As Liam gradually regained consciousness, he was first aware of the gentle lapping sound of water upon the hull, then felt the shimmer of sunlight through his eyelids. Opening them, he found himself warm in his own berth upon the Selkie, and was briefly confused. Then it all came back to him. He turned his head quickly — and caught his breath at the pain in his throat. Anya was there beside him, safe, sleeping — the blankets pulled up to her nose. His eyes closed and he breathed a deep sigh of relief.

Silently he slipped from the berth and dressed. His entire body protested in pain from the sequelae of his encounter with Strachan. The bruise upon his chest was wider and deep purple, and bruises were now visible along his temple, shoulder, and flank where he had been kicked, and upon his neck from the cane. His wrists were abraded and purple. In addition to the cuts upon his arm, he saw lacerations upon his scalp and eyebrow. He located the jar of balm and applied some to his injured flesh to stave off corruption.

Crawling stiffly topsides, he found the Selkie peaceful, alone in the cove — but with the sails haphazardly piled upon the deck. Had he left her that way? He couldn’t remember. ‘Twas afternoon, he saw, but what day was it? How long had they been asleep? In defiance of his sore body, he put himself to work, slow going though it be. He boiled water, made tea, and ate bread and butter, taking a dose of willow bark tincture with it. Cutting strips from rags, he bound his chest to splint against the pain of the broken ribs. On deck he furled the sails and coiled sheets and halyards, frustrated at the slow, painful work.

Presently Escort Sincan he paused to sit upon the cockpit coaming, forcing himself to take deep breaths, coughing a little. Pneumonia be the last thing he needed now. He scanned the wooded shoreline, then brought out the spyglass to rescan it, but found no evidence of human activity.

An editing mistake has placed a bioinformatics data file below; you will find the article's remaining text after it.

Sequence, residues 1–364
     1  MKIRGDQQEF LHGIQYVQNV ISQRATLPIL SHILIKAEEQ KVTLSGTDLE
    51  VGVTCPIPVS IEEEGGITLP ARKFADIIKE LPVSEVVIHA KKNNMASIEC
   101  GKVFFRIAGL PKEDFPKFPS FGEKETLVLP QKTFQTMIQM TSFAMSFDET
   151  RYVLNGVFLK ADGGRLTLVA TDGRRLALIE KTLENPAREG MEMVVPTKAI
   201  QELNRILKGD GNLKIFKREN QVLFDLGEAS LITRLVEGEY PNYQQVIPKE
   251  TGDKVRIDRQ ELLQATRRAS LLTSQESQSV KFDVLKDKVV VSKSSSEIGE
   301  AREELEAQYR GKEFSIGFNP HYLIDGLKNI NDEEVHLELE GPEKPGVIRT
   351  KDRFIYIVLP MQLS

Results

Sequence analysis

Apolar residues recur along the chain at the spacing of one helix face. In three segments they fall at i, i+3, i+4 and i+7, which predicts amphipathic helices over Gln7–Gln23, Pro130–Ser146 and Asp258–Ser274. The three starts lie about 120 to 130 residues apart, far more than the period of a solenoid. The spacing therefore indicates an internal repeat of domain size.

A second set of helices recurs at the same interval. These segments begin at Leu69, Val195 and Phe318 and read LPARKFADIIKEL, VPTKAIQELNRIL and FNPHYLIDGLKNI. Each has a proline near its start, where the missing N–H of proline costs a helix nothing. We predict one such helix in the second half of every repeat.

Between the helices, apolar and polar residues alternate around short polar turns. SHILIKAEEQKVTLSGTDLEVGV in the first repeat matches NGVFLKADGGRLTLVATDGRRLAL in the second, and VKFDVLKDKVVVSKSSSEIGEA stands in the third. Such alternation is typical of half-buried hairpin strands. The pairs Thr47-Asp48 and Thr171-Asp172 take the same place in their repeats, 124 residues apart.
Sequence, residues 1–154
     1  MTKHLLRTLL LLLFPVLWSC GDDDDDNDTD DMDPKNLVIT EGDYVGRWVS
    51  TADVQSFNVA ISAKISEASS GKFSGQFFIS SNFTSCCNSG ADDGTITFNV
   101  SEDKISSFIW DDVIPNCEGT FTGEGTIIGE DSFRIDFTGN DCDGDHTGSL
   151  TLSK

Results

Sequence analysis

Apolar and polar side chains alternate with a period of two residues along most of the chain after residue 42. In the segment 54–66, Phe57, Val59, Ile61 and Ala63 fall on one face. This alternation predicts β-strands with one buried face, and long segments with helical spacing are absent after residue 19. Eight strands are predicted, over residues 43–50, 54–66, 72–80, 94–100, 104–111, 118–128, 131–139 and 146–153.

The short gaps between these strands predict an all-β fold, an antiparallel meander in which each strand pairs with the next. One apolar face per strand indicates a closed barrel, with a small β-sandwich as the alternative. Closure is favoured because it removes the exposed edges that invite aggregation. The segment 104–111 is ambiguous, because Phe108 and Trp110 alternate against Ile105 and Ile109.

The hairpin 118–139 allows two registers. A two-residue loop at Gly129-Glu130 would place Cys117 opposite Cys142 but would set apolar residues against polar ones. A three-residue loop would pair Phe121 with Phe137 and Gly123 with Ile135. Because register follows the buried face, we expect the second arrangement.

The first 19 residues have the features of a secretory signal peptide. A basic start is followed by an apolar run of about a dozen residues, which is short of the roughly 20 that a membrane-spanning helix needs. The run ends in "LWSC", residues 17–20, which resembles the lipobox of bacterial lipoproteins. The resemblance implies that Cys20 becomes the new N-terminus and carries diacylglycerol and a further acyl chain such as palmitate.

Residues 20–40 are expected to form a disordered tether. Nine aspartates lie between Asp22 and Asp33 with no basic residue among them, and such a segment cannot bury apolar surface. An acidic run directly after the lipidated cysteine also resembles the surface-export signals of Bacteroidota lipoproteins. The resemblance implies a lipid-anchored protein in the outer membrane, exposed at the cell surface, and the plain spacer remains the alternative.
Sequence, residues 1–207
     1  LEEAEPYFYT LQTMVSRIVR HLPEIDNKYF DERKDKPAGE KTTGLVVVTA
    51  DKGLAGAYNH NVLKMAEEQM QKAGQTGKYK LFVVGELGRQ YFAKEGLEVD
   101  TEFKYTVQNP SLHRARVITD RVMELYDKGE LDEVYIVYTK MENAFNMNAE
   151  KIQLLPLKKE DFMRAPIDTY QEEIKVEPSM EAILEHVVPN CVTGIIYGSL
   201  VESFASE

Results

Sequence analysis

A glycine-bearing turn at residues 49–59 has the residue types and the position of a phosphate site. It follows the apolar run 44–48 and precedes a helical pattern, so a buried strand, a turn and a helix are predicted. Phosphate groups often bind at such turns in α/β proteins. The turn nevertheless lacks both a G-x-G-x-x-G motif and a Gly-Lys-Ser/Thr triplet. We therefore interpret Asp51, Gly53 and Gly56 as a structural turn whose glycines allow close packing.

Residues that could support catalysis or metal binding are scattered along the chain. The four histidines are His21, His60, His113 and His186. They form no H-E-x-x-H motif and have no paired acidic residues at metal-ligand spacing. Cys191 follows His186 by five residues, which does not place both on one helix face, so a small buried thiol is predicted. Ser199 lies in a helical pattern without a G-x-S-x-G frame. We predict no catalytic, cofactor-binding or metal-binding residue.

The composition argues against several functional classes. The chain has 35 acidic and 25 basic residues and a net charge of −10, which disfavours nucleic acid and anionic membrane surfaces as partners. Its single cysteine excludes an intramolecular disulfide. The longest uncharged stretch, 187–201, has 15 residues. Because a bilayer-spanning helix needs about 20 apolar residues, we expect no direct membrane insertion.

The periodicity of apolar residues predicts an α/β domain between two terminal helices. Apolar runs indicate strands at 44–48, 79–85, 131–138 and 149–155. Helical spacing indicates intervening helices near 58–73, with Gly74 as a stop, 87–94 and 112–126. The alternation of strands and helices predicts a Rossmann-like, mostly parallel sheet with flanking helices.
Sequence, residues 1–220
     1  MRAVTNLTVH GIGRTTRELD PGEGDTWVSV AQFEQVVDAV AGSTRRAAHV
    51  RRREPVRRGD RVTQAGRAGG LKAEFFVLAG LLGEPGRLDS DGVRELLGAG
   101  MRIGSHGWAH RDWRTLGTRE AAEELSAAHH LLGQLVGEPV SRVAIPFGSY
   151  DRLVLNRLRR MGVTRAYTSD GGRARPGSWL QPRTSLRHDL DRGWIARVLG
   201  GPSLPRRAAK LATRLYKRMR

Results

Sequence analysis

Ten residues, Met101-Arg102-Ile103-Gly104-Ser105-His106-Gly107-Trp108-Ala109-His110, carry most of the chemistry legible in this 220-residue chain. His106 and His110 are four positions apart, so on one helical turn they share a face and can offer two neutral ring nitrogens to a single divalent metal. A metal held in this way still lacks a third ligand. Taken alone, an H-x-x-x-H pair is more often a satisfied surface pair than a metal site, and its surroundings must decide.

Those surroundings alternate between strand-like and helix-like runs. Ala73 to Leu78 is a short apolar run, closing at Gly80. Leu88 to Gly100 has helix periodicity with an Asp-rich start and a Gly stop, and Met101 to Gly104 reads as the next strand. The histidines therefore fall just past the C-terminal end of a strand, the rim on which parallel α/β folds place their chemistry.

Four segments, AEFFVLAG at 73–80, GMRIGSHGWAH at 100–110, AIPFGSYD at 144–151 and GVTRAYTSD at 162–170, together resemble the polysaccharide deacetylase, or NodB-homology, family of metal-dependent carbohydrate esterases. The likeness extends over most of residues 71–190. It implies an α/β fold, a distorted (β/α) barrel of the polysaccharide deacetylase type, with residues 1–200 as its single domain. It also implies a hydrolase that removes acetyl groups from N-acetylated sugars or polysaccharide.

Suddenly there was movement in the main cabin — Anya be awake. Going below, he found her standing by the library bookcase, staring at it. Nay, not quite at it, more like through it. She was wearing his long drawers and Nicholas’ shirt, both overlarge upon her petite body; she held the waistband of the drawers up. Her long dark hair was tumbled about her face and shoulders. So faraway was she that she started when he touched her arm, her frightened eyes registering his presence. “Are ye well, lass?” he asked, his voice hoarse from his battered voice box. Mutely she nodded.

He put the kettle on to make tea, then returned to stand before her; she stood unmoving, her eyes downcast. Stroking her hair gently, he looked down at her tenderly. Her lip was still swollen, with a bruise next to her mouth. Examining her wrists, he saw that the abrasions were better, but he put balm upon them nevertheless. “Are ye hurting? Let’s check your other wounds,” he murmured, getting down upon a knee before her and reaching for the waistband of the drawers.